Have You Thought of Becoming a Pilot
Each day, the Federal Aviation Administration controls take-offs, landings, and flights of over 50,000 aircraft, and they expect to hire approximately 17,000 air traffic controllers in the next 10 years. That’s a lot of jobs, and some 30 colleges and universities have partnered with the FAA under a program called the Air Traffic Controller Collegiate Training Initiative. Partner Schools “…encompass the FAA’s Air Traffic Basics Course and the CTI designation requires that a school be “…willing to complete the evaluation process and participation in a site visit.”
There are an array of aviation programs from Eastern New Mexico University-Roswell’s Aviation Maintenance Technology program to New Hampshire’s Daniel Webster College online M.B.A. for Aviation Professionals. Most schools partner with airlines and airports: the Lewis University Airport serves as a reliever airport for O’Hare International, Kent State University partners with Express Jet Airlines, Arizona State University partners with Mesa Air Group airlines and uses the Phoenix-Mesa Gateway Airport Authority.
Student Brandon Blank says “We start flying from day one. They oversee all of our training. Upon graduation, you’re guaranteed an interview with the Mesa Group.” Mr. Blank says “You get your private pilot certificate, your instrument rating, your commercial pilot’s certification, your certified flight instructor certificate. In the final year we, we fly in the regional jets. There are also simulators and slow motion simulators.
We learn about air traffic control, so we learn a lot about what’s going on, on the other side of the microphone, which is cool because anybody can make mistakes and it’s good to know how they’re thinking. All of our classes are relevant. I’ve never seen anybody, like they do in other majors, walk into a class and say “why am I taking this class?”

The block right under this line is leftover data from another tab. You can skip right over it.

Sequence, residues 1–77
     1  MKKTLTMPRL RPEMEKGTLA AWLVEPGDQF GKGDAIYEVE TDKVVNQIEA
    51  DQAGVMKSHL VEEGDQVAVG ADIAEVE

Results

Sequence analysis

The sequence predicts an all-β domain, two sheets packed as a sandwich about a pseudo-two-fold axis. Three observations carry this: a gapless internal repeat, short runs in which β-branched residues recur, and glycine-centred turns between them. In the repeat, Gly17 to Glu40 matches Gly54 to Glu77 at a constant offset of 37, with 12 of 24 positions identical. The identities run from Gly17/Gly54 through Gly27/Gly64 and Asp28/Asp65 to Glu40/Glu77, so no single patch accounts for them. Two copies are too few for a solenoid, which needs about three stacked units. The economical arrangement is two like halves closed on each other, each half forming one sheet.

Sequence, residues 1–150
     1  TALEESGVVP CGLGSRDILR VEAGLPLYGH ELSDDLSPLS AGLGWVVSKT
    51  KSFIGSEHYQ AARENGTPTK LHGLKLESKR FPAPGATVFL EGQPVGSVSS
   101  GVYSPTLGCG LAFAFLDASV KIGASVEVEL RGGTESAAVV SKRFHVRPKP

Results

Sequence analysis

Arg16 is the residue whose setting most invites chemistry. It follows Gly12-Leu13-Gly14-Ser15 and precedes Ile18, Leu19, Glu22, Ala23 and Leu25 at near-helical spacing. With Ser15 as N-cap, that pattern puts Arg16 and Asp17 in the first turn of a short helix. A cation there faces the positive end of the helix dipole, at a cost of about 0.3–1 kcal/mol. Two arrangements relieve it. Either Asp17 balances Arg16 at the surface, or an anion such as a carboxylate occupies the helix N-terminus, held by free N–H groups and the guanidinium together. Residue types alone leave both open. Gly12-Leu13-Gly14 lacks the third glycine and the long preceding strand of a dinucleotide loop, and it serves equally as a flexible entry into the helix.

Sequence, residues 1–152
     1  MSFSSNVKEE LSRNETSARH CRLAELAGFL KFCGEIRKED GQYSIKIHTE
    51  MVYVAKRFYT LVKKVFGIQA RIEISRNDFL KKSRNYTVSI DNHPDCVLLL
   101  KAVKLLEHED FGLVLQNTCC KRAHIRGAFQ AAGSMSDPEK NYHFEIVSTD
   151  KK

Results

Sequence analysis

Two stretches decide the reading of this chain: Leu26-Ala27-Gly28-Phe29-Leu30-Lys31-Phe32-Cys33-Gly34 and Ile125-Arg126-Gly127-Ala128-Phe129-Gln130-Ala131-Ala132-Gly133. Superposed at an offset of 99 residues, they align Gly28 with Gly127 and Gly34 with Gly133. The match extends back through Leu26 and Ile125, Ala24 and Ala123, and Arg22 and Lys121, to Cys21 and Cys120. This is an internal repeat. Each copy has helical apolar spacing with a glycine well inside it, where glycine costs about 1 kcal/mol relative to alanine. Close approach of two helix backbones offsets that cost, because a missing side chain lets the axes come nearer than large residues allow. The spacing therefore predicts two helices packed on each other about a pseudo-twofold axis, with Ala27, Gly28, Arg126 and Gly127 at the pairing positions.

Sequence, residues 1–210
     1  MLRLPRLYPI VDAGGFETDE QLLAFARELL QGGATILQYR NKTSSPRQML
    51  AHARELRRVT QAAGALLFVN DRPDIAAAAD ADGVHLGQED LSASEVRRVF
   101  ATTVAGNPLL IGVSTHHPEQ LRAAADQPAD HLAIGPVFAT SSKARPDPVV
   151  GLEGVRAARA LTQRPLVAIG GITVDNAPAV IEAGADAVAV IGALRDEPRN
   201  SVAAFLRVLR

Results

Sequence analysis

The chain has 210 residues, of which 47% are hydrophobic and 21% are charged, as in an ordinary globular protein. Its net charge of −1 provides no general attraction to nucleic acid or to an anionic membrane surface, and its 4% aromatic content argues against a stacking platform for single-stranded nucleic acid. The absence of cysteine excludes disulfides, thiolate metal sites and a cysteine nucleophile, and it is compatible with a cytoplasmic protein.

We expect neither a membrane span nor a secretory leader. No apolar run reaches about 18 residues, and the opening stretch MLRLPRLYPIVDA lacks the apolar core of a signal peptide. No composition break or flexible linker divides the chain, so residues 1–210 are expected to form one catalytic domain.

Dr. Thomas Schildgen, Chair for the Department of Technology Management at Arizona State says “My son went through this program. There are three components Air Transportation Management, Professional Flight, and Air Traffic Control Management which is all FAA regulated. ASU has partnered with a major airline and the mesa air group does conduct interviews with all of our graduates; not everybody gets hired but the employment rate is extremely strong in part because we have a secondary admission process - a dual review process. For example, we review students to make sure their driving records meet FAA requirements –anyone with a DWI conviction or several moving violations in a car or drug problems, we tell them up front the flight provider isn’t going to put them up in an aircraft and they will not be hired by the FAA.
At this moment, the industry as a whole is in cutback mode, but students are still entitled to their interview and Mesa can hold their applications. There’s always furloughs in this industry, there always have been, but there are also age restrictions on commercial pilots and air traffic controllers, so a lot of people will cycle out.”
In the Valley of the Sun, ASU trains out of “the old Williams Field air force base; they did more touch and go’s than any other base. Pilots from all over the world were train here and we were able to walk into this where you can fly pretty much 365 days a year, 24/7.”
ASU’s flight program costs $52,000 above tuition. “Some schools are $100,000 over tuition.” says Dr. Schildgen, “Students pay for the flight provider to give you the hours that you need to get through the degree.” However, “We make ourselves available to minority and immigrant students through loans, scholarships and financial aid. Access, Excellence and Impact is the mantra.”#